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Meal Hacks for Emergency and Healthcare Professionals

Meal Hacks for Emergency and Healthcare Professionals

firefighter preparing meal at home

A report from the USDA found that one of the greatest contributors to poor diet quality and overconsumption among US adults was eating out. The report also found that working long hours not only increased the likelihood of eating out, it was also associated with even greater reductions in diet quality and overconsumption than eating out while not working long hours.1 Due to the nature of their work, firefighters2 and medical professionals3 often report eating out and appear to be equally susceptible to the ill effects of this habit. What’s a working professional to do? Bring homemade meals to work. 

Not only can meals from home lead to healthier eating habits, they’re also less expensive. A recent survey featured in Forbes analyzed a popular recipe database. The survey found the average recipe cost per serving, based on the cost of ingredients at Whole Foods, to be $4.31.4 The same survey determined the average menu item at a casual dining restaurant to be $15.37 (not including tip) while another survey in Business Insider estimated the average amount spent per person at a fast-food restaurant was $5.62.5 Furthermore, the cost difference between meals out and home cooking doesn’t appear to be getting any better. According to the consumer price index, meals purchased outside the home have increased by roughly 2-3% each year over the past 5 years while groceries have remained roughly the same price.6

Healthier…cheaper…yeah, but nobody wants a soggy sandwich or wilted lettuce, and who’s got the time to prepare a meal (or 3) every day before work? Read on for hacks that even the busiest professional can use to find time to prepare meals for work at home plus tips to improve the freshness and quality of those meals.

While this article focuses on how to overcome common barriers to packing a meal, simply bringing food from home isn’t enough to improve your diet. The food should still be healthy. For ideas on what foods to bring, I recommend reading my article from last month on how to build a balanced and nutritious meal. 

1. Keep it simple.

Making or prepping a meal for work can be overwhelming when you have limited time at home between shifts. Focus on having meals or meal components ready so packing your lunch box is as simple as pulling a few items out of your pantry or fridge.

2. Choose the right foods and pack appropriately.

Some foods are just as good (or nearly as good) microwaved or stored in the fridge. Others are best left to fresh meals at home. Still, others can be packed in such a way to keep them fresh and tasty longer.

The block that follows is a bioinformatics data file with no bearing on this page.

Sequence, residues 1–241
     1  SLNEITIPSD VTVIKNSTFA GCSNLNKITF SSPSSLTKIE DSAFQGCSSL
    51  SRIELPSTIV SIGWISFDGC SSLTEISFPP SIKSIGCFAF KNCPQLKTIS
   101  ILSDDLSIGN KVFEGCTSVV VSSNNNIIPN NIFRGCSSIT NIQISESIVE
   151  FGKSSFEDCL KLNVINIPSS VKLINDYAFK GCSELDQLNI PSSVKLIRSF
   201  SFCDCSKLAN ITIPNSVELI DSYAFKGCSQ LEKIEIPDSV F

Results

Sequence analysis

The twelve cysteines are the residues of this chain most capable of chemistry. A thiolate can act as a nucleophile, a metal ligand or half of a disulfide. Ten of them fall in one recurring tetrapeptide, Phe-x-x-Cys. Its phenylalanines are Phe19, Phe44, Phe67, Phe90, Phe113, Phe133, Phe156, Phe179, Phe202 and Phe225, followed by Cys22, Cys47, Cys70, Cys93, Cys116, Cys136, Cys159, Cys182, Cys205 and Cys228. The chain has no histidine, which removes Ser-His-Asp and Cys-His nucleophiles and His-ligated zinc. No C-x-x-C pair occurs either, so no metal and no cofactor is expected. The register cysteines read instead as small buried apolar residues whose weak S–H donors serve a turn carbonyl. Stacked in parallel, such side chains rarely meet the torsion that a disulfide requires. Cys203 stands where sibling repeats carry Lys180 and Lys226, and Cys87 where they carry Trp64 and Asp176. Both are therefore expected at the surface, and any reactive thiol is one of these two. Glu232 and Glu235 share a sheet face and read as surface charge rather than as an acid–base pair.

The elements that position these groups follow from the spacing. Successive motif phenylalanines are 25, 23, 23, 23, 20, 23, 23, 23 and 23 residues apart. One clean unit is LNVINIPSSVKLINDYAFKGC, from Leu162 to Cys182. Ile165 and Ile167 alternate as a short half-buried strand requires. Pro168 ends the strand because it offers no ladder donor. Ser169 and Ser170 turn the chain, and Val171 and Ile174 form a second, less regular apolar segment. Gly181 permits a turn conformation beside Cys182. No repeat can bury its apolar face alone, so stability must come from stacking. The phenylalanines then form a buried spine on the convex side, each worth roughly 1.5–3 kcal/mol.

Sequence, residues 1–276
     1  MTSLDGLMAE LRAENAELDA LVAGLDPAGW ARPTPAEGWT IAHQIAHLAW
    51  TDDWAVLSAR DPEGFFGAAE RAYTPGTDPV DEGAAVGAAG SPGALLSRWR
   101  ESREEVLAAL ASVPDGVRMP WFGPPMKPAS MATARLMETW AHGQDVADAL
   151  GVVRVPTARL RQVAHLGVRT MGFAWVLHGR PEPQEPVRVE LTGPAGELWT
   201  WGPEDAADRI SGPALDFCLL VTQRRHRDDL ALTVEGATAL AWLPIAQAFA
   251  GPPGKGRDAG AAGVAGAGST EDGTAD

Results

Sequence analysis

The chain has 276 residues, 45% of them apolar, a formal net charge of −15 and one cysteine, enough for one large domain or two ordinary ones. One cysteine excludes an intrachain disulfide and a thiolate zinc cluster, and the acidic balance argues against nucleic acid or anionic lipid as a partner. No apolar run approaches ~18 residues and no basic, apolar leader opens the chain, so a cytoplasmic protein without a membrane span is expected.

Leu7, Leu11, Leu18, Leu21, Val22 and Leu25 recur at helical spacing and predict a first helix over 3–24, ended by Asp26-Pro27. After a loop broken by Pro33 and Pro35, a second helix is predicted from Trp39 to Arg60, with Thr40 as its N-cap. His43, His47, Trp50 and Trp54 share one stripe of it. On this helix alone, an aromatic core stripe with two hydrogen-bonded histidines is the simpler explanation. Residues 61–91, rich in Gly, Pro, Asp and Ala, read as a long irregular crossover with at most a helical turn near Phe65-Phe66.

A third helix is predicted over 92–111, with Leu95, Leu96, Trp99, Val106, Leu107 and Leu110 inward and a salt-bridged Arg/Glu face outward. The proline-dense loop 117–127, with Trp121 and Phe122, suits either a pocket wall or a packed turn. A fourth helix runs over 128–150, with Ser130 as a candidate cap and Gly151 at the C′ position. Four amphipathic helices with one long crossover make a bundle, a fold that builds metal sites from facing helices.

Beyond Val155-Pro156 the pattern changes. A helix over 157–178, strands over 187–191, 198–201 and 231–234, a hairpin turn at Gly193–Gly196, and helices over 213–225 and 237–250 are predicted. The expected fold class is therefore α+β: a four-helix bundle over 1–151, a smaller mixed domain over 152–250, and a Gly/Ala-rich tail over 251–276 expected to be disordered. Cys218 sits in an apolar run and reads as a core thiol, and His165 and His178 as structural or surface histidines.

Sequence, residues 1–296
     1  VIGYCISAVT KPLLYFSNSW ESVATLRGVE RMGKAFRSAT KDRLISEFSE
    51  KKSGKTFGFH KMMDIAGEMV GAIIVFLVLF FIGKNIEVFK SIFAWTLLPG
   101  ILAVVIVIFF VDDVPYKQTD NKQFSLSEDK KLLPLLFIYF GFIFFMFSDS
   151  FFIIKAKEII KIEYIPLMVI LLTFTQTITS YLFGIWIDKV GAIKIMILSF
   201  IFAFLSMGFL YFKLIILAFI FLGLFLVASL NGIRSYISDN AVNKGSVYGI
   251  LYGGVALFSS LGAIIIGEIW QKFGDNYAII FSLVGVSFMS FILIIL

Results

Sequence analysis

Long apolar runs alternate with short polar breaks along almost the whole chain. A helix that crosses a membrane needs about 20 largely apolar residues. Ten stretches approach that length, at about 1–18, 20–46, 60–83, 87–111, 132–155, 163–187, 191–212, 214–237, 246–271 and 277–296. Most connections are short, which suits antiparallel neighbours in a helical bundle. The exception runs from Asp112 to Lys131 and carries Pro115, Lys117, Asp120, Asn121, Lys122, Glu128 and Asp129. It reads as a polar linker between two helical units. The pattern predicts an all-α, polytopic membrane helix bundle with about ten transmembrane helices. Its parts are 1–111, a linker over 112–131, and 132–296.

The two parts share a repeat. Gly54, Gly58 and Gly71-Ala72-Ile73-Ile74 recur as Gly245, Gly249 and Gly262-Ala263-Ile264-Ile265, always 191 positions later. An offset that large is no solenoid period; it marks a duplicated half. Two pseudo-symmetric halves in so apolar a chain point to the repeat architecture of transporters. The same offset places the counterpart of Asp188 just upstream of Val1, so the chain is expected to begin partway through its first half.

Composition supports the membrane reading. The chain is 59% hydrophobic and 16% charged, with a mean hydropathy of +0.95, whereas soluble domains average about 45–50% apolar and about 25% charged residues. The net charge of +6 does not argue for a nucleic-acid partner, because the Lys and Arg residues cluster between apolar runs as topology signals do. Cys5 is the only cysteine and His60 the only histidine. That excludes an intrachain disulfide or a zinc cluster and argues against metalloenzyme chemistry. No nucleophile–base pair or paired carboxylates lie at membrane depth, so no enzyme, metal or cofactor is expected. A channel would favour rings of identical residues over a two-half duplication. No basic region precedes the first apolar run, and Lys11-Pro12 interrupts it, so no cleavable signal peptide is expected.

3. Use your days off.

A few hours on your day off can simplify meal packing for days or even months to come. Make your commitment to healthy meals a priority and schedule the time in your calendar.

4. Leverage gadgets and technology.

Our lives seem busier now than ever, but we also have more tools and services available to save time shopping and cooking.

As you start packing lunches from home, remember: it’s not all or nothing. Set a realistic goal and stick with it. Three or even one meal from home each week is better than none. If you’re too ambitious with your goal, failure becomes acceptable because success is impossible. If you do fall short on a given week or need to adjust your goal during a particularly tumultuous time, there’s nothing wrong with that. Acknowledge and learn from your experience and continue working toward your goal of bringing healthy and balanced meals from home.


  1.  Mancino L, Kinsey J. Is dietary knowledge enough? Hunger, stress, and other roadblocks to healthy eating. U.S. Department of Agriculture, Economic Research Service. Economic Research Report-62. August 2008.
  2. Dobson M, Choi B, Schnall PL, et al. Exploring occupational and health behavioral causes of firefighter obesity: a qualitative study. Am J Ind Med. 2013;56(7):776‐790.
  3. Power BT, Kiezebrink K, Allan JL, Campbell MK. Understanding perceived determinants of nurses’ eating and physical activity behaviour: a theory-informed qualitative interview study. BMC Obes. 2017;4:18.
  4. Priceonomics. Here’s how much money you save by cooking at home. July 10, 2018. Accessed May 18, 2020. https://www.forbes.com/sites/priceonomics/2018/07/10/heres-how-much-money-do-you-save-by-cooking-at-home/#3cee9f7735e5.
  5. Lutz A. How much it costs to eat at every major fast-food chain. September 4, 2015. Accessed May 18, 2020. https://www.businessinsider.com/cost-to-eat-at-every-major-fast-food-chain-2015-9.
  6. Bartash J. Cost of eating out is rising a lot faster than buying groceries (and cooking at home). July 11, 2019. Retrieved May 18, 2020. https://www.marketwatch.com/story/eating-out-is-getting-a-lot-more-expensive-than-buying-groceries-and-cooking-at-home-2019-07-11.

Ron Beckstrom, nutritionist, shares dietary strategies for shift workersRon Beckstrom is a registered dietitian, exercise physiologist, and writer. As a retail dietitian, Ron advises on and writes about the latest food trends and products and has been featured on numerous local news outlets. Ron has worked in various settings as a health professional including hospitals, corporate wellness, and nutritional supplement R&D. Ron is also a member of the Utah National Guard where he serves as an operations officer.